Did you know that most managers have absolutely no idea what they’re doing?
No really, it’s true. In a survey by The Ken Blanchard Companies, only 39% of new managers said they had received any leadership training.
Now that’s just insane.
Sure, they can read a book about management and ask other leaders for advice. But manager training programs are often overlooked.
What usually happens is individuals get promoted internally. And they suddenly find themselves managing a team with little to no experience.
And the organization expects them to know what to do.
Seems a little strange doesn’t it?
If you hired a graphic designer, wouldn’t you expect them to have training in graphic design? What about sourcing an electrician for your house — do you think you’d find one who wasn’t actually trained?
I don’t think so.
So why is manager training left by the wayside?
Why manager training is so important
They say that people leave managers, not companies.
But then one day, out of the blue, a fantastic employee hands in their resignation. They’re going to your competitor.
Why? Well, it’s probably something to do with their manager.
Every team needs a strong leader. Whether its an army, a nation, or the marketing division of a company. And that’s why that 39% is such a scary statistic.
Businesses need leaders, not bad managers. Bad managers make it impossible for their team members to perform at their best.
“Bad managers cost businesses billions of dollars each year, and having too many of them can bring down a company.” Harvard Business Review
Strong managers are essential to a profitable business. But unfortunately, they are rare.
Performance management experts at Gallup found that great managers have the following talents:
- They motivate every single employee to take action and engage them with a compelling mission and vision.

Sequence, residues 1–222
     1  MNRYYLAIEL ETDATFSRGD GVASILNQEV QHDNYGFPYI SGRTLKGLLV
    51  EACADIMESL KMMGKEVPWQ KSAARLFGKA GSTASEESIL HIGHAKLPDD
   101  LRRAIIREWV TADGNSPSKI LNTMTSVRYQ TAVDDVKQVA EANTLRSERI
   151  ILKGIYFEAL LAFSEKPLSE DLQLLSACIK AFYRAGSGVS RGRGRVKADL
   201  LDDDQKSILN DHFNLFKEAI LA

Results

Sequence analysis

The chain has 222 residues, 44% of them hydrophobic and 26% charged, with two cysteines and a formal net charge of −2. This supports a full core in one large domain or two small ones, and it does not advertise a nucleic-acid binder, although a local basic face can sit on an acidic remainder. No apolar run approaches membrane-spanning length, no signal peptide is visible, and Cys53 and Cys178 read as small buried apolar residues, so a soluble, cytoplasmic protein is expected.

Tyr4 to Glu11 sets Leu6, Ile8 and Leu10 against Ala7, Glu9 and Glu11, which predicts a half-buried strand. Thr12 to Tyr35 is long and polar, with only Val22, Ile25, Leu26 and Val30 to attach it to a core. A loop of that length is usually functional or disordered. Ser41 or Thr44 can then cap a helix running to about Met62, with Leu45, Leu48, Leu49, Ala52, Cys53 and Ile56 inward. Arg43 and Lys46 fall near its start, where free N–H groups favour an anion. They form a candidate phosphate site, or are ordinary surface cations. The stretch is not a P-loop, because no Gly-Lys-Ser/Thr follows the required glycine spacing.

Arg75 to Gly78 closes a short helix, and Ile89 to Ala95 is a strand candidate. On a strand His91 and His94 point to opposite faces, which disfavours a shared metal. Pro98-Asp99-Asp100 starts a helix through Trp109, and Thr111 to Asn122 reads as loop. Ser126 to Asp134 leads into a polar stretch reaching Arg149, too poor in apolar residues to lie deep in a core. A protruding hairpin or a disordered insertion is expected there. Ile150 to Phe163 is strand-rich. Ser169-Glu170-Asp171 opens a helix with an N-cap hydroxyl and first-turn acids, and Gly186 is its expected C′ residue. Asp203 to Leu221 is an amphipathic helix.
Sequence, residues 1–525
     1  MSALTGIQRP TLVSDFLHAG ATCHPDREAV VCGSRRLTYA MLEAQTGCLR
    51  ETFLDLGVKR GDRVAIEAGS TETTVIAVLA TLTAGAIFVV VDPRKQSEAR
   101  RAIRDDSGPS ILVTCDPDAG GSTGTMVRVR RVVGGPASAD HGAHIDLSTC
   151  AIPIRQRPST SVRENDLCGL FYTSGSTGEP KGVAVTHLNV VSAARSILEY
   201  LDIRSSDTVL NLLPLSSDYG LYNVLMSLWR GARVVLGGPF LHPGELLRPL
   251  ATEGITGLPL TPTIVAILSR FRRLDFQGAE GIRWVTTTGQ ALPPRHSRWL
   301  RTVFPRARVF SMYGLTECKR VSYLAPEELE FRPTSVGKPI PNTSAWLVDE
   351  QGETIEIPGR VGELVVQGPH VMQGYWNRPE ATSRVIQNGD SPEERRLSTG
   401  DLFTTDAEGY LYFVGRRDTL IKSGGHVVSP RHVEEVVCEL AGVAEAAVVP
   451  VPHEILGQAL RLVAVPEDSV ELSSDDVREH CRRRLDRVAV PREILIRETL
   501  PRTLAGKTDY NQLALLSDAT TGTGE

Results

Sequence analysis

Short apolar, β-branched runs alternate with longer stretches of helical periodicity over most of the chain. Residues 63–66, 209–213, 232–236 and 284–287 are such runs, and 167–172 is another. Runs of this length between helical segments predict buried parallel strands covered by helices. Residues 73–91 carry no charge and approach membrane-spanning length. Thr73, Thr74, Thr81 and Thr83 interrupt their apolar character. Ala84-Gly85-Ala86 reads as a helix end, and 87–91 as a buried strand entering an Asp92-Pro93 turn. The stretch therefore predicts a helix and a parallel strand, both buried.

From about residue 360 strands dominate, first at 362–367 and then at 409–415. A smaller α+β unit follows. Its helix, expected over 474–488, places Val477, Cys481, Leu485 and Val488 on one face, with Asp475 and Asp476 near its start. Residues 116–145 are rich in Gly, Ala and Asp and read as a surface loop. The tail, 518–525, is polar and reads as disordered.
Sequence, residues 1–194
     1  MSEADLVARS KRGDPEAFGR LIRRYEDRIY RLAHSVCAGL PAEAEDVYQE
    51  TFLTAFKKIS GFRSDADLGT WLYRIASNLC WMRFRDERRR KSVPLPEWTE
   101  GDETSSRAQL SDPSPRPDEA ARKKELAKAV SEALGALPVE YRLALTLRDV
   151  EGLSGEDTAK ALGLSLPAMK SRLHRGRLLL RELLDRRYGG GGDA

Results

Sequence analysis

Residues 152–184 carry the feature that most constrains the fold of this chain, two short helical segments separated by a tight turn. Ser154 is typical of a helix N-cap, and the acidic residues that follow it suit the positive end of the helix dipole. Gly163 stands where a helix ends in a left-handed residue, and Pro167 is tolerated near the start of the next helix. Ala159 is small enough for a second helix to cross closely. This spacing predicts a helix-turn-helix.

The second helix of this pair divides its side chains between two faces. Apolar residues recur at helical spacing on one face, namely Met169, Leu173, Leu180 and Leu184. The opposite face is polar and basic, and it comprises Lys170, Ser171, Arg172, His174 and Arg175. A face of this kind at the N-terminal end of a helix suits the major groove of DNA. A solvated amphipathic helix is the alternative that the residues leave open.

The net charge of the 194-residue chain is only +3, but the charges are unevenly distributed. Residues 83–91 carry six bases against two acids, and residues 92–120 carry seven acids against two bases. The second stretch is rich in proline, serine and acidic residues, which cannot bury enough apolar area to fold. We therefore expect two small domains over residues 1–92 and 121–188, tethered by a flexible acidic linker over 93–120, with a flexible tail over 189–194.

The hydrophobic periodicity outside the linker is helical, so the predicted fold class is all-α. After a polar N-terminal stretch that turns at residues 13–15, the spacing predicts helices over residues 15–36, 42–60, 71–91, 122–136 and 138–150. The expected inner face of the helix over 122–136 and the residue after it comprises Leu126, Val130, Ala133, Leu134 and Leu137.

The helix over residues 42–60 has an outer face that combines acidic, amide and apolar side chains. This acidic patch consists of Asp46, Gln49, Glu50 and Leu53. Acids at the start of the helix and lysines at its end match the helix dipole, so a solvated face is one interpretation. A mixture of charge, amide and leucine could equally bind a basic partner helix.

- They have the assertiveness to drive outcomes and the ability to overcome adversity and resistance.
- They create a culture of clear accountability.
- They build relationships that create trust, open dialogue, and full transparency.
- They make decisions that are based on productivity, not politics.
But that same research also reveals only one in ten people have all these necessary traits. So, the rest need strong manager training.
And this is where you come in.
Top skills to focus on in manager training programs
Research by the Center for Creative Leadership, advocates a 70-20-10 approach to manager training.
Around 70% of the necessary skills for leaders are learned through professional assignments. 20% comes from mentors or other “developmental relationships”.
The final 10% should be in the form of formal (classroom-style) learning. Below are the key skills to focus on.
Communication skills are identified by managers in The Ken Blanchard Companies research as one of the top 3 most needed trainings. This also includes managing conflict and directing others.
Leadership skills training includes how to inspire and motivate. And how to be assertive to drive outcomes. Also, how to transition to a leadership role was identified as one of the most needed trainings by the Ken Blanchard research.
Collaboration or interpersonal skills — also in the Ken Blanchard top 3. Included in this is how to create a culture of accountability and build relationships based on trust.
4. Critical thinking
Including goal setting. Remember, decisions should be made based on productivity, not politics.
The American Management Association (AMA) says:
“…whether you’re balancing marketing budgets or working on payroll, understanding how to make strategic decisions based on financial risks and rewards is a necessary skill for every manager.”
6. Project management
According to AMA, project management training is necessary for managers to:
- grasp the scope and objectives of projects;
- recognize the roles and responsibilities of others;
- use PM tools to stay on track;
- become an effective member of a cross-functional team.
Each of these six skills will come more naturally to some managers than others. But all of them are essential to be a good manager.
When developing or sourcing manager training, check these skills are covered thoroughly. Make sure they`re taught in a variety of ways, using the 70-20-10 approach. And ensure every new manager receives the training.
At the end of the day, practice makes perfect. After all, “Rome wasn’t built in a day”. But managers need a strong foundation of theory to build on in order to become strong leaders.